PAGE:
Wednesday, May 26, 2010

Where is Hunter S. Thompson When You Need Him?

(There is knitting in here eventually)

I was reading yet another article about Tea Party happenings last night in The New Yorker. (So they've stopped calling themselves the Tea Baggers, I see. They finally got clued into that one, and now they get all offended when people call them that, never mind that this was what they started out calling themselves. But I digress.) This article was about Andrew Breitman and mentioned various TP conventions, goings-on, etc. Anyway, in the middle of reading this article, I had a sudden realization.

What the world is really missing right now is Hunter S. Thompson's take on the Tea Party and its denizens. Mainstream media tries so hard to be fair and to attempt to deal with the movement's more rational members and rationales. Faux, of course, treats them as being on an equal footing with the Founding Fathers. Only Thompson could get inside there and get us a true portrait of all the crazy. I'm so sorry he's gone.

In a similar vein, I'm really amused by all those southern Republican politicians -- you know, the ones who are so vocal about overreaching by the federal government, the ones who wanted to refuse stimulus money, ones who so loudly proclaim their favor for "state's rights" -- crying crocodile tears over how the federal government isn't doing enough to deal with the oil spill in the gulf. I heard one talk about how the federal government had the knowledge and the resources to fix this now, whether it was through Homeland Security, the Army Corps of Engineers (let's not mention the levees in New Orleans, shall we?), or even NASA, as if there were a fix out there that is being withheld. Oh, the irony.

Knitting. Yes. I still get to do that a little.

I've finished the knitting on Elegant Empire. The pattern calls for the sweater to be blocked before the side seams and hems are sewn up. That is where I am right now:

And more of a close-up:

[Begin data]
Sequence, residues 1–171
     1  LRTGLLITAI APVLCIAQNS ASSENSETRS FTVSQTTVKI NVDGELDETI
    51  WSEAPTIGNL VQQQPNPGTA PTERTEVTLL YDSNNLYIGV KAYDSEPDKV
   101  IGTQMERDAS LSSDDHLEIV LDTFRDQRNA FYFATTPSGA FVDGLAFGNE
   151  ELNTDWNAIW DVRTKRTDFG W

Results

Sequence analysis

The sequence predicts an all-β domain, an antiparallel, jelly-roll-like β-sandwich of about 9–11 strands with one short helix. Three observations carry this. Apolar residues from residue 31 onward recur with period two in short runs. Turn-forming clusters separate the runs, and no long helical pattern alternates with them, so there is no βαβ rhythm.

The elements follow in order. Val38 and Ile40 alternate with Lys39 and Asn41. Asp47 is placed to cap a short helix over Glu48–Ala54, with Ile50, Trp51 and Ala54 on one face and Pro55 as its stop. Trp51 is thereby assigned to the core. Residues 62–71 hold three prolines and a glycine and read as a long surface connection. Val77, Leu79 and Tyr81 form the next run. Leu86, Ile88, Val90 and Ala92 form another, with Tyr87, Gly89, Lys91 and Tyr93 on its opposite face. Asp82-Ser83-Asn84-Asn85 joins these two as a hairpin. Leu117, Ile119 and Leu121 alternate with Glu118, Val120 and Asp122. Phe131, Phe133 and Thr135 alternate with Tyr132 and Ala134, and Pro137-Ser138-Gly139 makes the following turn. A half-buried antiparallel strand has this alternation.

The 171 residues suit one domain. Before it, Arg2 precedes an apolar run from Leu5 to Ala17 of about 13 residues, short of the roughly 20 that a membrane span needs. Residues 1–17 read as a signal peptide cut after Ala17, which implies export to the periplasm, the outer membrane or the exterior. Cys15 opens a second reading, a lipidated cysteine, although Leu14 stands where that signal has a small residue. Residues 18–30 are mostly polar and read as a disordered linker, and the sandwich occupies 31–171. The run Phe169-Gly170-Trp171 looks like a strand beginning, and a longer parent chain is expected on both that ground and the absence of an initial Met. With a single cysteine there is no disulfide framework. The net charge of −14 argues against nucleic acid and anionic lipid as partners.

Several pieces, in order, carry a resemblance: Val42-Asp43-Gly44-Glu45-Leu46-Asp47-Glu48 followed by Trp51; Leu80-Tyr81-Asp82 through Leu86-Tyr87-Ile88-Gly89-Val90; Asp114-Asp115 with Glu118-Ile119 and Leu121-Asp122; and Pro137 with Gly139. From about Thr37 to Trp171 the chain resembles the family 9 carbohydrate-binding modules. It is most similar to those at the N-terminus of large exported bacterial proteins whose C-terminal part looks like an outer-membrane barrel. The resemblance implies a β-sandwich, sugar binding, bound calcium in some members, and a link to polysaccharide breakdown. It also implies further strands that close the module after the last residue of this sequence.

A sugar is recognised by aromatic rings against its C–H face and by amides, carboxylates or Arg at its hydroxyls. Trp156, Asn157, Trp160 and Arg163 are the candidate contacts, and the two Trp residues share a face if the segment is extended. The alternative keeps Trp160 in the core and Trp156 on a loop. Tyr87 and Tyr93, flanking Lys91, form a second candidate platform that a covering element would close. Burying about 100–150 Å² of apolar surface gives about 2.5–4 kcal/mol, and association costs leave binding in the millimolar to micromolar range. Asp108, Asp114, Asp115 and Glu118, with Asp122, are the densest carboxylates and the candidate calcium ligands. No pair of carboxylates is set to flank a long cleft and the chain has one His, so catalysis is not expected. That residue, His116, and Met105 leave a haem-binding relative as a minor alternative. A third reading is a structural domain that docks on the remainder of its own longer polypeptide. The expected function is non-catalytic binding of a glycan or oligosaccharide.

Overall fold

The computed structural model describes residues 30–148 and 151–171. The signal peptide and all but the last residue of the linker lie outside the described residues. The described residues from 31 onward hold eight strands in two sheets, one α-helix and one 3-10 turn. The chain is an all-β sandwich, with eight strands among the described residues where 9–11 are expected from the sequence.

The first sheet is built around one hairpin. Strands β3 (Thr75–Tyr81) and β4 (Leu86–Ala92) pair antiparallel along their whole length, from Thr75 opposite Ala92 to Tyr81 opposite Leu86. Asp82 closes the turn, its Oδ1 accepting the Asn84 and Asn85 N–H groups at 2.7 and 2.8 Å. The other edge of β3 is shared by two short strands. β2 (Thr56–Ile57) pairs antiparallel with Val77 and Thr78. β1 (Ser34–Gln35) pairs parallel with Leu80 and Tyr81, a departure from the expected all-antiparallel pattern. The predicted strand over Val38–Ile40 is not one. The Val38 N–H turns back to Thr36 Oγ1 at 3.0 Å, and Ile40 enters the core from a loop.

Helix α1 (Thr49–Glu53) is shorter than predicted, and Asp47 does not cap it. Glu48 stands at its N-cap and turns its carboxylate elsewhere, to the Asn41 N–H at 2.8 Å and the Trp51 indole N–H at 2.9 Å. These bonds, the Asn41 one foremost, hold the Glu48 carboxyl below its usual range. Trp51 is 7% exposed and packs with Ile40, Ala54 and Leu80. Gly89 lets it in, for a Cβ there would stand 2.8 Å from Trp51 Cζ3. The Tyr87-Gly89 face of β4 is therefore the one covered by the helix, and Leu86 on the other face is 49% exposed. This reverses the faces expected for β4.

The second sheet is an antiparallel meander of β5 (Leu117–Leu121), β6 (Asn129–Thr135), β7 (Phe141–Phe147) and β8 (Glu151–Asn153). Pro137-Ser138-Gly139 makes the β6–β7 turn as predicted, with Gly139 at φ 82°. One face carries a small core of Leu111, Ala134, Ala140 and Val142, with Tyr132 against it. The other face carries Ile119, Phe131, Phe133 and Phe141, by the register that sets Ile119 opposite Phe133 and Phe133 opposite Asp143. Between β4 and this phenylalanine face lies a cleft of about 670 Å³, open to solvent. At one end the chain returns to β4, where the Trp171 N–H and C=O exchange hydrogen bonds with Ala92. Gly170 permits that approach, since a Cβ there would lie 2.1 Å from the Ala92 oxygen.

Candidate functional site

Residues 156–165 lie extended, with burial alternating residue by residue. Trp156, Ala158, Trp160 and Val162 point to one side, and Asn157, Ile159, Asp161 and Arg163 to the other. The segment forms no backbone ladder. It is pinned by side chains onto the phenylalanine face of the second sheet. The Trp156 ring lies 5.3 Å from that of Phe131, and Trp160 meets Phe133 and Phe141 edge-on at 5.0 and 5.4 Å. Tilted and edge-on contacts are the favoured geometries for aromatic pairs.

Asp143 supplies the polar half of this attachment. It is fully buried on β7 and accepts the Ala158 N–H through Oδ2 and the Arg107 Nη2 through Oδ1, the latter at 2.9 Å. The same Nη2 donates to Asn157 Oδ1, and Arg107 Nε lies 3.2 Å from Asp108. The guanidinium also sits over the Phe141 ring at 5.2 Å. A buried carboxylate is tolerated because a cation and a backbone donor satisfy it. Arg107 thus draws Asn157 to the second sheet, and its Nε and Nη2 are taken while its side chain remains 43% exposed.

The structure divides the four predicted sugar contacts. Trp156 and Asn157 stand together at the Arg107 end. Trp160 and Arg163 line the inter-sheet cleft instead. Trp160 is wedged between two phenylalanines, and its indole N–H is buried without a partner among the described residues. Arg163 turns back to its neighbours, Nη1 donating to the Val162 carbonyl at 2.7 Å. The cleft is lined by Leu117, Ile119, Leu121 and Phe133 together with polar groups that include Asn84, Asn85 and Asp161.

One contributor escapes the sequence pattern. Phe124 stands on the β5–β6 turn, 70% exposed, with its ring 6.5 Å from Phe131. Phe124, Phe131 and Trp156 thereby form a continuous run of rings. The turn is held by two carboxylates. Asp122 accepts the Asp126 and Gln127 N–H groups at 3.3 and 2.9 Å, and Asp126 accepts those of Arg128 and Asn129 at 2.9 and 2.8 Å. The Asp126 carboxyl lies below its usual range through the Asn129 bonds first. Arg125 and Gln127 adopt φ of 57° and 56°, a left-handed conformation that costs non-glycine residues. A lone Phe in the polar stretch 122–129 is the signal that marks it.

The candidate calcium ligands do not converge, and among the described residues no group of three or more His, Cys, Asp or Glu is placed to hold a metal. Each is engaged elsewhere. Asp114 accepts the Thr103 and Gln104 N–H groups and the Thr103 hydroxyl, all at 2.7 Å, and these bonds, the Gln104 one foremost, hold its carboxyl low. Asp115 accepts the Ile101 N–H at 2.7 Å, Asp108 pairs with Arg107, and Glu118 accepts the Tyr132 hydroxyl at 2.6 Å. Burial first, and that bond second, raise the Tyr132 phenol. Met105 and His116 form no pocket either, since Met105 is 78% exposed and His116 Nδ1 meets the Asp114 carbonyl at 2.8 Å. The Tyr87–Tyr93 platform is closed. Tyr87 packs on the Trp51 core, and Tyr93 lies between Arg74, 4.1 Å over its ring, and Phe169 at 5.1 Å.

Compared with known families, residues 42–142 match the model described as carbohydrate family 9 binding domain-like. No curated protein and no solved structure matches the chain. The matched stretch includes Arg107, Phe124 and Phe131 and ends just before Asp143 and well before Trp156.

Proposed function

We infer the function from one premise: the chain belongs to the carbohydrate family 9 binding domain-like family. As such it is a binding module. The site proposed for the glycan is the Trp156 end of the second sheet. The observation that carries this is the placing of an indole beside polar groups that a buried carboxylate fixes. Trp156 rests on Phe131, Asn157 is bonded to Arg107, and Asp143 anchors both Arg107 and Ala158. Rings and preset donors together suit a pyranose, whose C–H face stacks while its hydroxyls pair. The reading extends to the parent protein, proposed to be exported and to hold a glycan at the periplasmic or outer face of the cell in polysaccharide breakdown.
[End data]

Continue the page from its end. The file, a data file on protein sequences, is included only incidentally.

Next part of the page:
And since I still haven't quite settled on what to knit next, I went back to finish up Virve's Stockings. Not done yet, but I've gotten almost to the heel:

In the comments to my last post, Tracey posted a link to a great blog series on fitting sweaters to flatter your particular figure. This was a great series of posts. Unfortunately, I can't decide whether I am top heavy, curvy, or proportionate. But it did lead me to a great pattern from Twist that went into my queue, called Poplar and Elm. So, still waffling on the next pattern, but I do have ideas.

Sunday, May 16, 2010

I Need a Treat

Today I finally had a couple of hours of quiet time, so I kitchenered the two halves of Elegant Empire together. It was something like 115 stitches plus the cable panel. I've never kitchenered anything but plain old stockinette before, and figured I'd just wing it when I got to the cable panel. Classic overconfidence, no? In this case, it worked out just fine. You can see that the panels don't quite match up. I might have been a row off, but hey, it's not that bad, is it? I think it will look a lot better after it's all done, washed, and blocked, too.

All that kitchenering took a while and definitely made my head and my eyes hurt. I need a treat! All I need to do now to finish this thing is to do the front band, and then sew the side seams and the hems. Not too bad.

I'm still contemplating what to knit next, and I'm still undecided. Kippi provided lots of good suggestions in the comments to the last post, which was helpful and NOT helpful, because it gave me more to choose from. I have a ton of great yarn that I really want to knit up, but I don't have a pattern that's thrilling me.

And no, I don't have time to design one of my own, thankyouverymuch. It's tempting, though.

A weekend of sitting around and waiting at various events has allowed me to finish the first of my Lagoon socks and to start the toe of the second:

I love these socks. I've been knitting a bit tightly, though. I think I need to loosen it up.

In non-knitting news, we got a new treadmill! I'm very excited about this. Now I have no excuse not to exercise. I can't complain when it's too hot, too cold, too rainy, or whatever.

Book Reports